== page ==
On Ba’athism — Part II — Ideology in Practice


Bashir al-AssadThough Ba’athism barely remains, it had a number of successes before collapsing.

First, it succeeded in liberating the Arab lands from Western occupation, for the most part. While Saudi Arabia remains a proxy of the Americans and Palestine is occupied by Israel, Arab nationalists largely succeeded in kicking the French out of Syria and Lebanon, and the British out of Iraq and Egypt.

Secondly, Ba’athism suffocated Salafism, Wahabism and other forms of jihadism in the Middle East. It was not until the Iranian Revolution that jihadism finally had a base to operate out of.

Thirdly, Ba’athism developed Arab societies that were on the path to industrialization and modern infrastructures and economies that were not agrarian, thereby launching the Arab world into the modern global economy.

Lastly, Ba’athism assisted in the preservation of Christianity in the Middle East. If Saddam Hussein or Hosni Mubarak were still in power, the slaughter of Christians in Iraq, Syria and Egypt would not be occurring. Ba’athism provided an ideological framework in the Middle East for Christians to coexist with Arab Muslims and also took away an impetus for Saddam or Mubarak to harass or persecute Christians. For Saddam, Assad and Mubarak, retaining control was the primary goal, and jihadists who caused strife by attacking Christians were made examples of.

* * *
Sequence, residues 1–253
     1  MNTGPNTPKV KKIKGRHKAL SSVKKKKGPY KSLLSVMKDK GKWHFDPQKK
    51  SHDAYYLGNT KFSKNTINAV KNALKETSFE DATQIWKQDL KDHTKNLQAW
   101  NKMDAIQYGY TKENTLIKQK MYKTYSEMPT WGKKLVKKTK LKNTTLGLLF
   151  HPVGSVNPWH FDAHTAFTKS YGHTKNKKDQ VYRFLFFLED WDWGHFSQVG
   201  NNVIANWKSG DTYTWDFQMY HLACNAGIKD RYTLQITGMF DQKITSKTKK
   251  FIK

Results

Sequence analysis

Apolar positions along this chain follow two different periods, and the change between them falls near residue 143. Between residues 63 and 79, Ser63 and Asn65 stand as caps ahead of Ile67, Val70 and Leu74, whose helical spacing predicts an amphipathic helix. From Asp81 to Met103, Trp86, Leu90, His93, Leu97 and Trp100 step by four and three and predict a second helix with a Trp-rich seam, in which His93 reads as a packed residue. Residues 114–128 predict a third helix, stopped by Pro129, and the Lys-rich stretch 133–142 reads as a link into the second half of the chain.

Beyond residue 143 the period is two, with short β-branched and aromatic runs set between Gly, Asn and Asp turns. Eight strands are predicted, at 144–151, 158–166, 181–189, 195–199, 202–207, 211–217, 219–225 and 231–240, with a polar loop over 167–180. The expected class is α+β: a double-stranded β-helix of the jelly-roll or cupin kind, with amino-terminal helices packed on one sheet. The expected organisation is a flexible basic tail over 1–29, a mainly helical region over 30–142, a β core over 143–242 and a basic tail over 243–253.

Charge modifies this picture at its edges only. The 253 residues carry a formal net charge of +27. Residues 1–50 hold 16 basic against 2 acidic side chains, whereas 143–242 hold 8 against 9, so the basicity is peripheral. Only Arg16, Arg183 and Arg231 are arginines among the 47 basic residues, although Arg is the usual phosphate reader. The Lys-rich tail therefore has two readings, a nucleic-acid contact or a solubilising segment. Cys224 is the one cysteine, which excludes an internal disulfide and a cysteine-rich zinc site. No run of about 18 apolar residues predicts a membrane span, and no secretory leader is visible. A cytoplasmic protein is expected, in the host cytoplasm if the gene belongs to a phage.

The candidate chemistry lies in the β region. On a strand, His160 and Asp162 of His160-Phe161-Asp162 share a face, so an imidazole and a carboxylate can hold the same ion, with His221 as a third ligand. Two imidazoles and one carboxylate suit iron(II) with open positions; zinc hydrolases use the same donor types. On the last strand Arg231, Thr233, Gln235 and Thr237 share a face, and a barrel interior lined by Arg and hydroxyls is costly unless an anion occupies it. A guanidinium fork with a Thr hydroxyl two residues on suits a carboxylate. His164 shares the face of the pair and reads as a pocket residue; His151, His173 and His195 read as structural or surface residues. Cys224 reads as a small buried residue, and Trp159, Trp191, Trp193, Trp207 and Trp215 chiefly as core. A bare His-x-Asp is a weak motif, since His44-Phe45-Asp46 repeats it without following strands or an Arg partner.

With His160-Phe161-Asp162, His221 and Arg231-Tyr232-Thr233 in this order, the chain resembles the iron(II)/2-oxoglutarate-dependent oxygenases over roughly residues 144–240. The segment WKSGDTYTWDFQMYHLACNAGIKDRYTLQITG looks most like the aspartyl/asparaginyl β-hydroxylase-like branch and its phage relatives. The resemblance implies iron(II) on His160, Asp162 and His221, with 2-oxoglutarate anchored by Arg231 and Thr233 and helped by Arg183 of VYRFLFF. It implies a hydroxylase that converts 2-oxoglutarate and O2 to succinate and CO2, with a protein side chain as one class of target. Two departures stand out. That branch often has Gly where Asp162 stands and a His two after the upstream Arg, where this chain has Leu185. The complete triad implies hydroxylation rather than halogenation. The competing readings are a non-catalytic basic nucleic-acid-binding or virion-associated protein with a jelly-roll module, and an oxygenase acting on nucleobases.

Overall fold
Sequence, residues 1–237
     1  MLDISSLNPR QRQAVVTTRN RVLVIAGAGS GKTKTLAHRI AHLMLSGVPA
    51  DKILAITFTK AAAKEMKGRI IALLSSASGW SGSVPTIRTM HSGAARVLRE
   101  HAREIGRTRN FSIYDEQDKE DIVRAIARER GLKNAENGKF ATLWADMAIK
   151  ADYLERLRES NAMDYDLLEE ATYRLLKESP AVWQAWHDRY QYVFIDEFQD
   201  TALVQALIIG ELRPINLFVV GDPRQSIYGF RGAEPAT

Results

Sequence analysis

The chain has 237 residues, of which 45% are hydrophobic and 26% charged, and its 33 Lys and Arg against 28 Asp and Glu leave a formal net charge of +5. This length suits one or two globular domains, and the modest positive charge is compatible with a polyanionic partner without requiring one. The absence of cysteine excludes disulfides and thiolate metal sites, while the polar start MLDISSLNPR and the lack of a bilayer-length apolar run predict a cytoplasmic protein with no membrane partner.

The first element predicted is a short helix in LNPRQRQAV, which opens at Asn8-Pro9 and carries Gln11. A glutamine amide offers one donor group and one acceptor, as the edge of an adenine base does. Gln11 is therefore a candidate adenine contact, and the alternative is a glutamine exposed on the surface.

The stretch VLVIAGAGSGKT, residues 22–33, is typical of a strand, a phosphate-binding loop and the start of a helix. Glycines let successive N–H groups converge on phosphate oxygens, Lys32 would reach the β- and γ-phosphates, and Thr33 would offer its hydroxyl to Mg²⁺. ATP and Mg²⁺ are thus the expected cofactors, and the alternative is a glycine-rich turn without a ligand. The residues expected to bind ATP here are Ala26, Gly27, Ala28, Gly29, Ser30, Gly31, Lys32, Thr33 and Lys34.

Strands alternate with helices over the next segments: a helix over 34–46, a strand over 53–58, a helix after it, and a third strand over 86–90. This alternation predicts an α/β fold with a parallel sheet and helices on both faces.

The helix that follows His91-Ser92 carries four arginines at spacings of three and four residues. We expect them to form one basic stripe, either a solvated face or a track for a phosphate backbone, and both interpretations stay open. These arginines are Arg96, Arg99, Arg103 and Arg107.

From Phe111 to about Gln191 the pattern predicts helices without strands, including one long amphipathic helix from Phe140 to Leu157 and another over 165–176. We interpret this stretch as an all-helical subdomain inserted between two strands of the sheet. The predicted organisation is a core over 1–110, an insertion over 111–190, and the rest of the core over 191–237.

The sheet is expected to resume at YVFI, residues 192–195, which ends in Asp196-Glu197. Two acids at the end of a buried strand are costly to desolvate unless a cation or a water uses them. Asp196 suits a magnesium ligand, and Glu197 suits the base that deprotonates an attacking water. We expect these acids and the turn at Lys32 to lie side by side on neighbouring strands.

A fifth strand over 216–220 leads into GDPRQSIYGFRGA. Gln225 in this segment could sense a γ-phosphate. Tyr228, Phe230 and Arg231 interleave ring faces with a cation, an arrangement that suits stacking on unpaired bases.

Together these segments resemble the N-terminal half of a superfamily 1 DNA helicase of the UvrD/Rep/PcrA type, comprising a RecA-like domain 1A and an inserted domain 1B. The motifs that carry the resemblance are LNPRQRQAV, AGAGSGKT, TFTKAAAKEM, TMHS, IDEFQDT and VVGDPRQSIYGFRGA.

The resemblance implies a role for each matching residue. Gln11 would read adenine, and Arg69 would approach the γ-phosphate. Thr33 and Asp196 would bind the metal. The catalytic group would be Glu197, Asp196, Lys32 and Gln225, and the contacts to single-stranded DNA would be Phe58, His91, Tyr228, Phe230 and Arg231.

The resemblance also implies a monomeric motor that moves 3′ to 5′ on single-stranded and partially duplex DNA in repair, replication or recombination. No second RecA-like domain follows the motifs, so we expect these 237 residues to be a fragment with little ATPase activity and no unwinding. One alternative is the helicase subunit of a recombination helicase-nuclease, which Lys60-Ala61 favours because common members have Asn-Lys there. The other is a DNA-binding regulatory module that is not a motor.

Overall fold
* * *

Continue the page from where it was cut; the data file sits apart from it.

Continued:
Ba’athism failed to properly articulate the distinction between socialism and Marxism. Michel Aflaq rejected Communism and Marx’s dialectical materialism, yet that was never enough to stop the peasant orientation of the Syrian revolution and what became Syrian Ba’athism. Furthermore, the natural alliance of the Ba’athists in the beginning to draw close to the Soviet Union against the West and the US backed Persian Shah of Iran inevitably drew the Ba’athists to become more engrained in their ideological socialism, even if it was not prudent. Hence Saddam’s move to the right, working with the CIA in order to fight Kurdish Communists, Iranian jihadists and export petroleum to the West, cannot be condemned, as ultimately, a pan-Arab vision that unites around something as abstract as Socialism was doomed to failure from the beginning. Whether it was demagoguery, the realities of economics, or simply different visions of Ba’athism, ultimately its disunity was exacerbated by the various jihadist and secularist forces of Iran, Saudi Arabia and the West, that eventually turned in on the Ba’athists.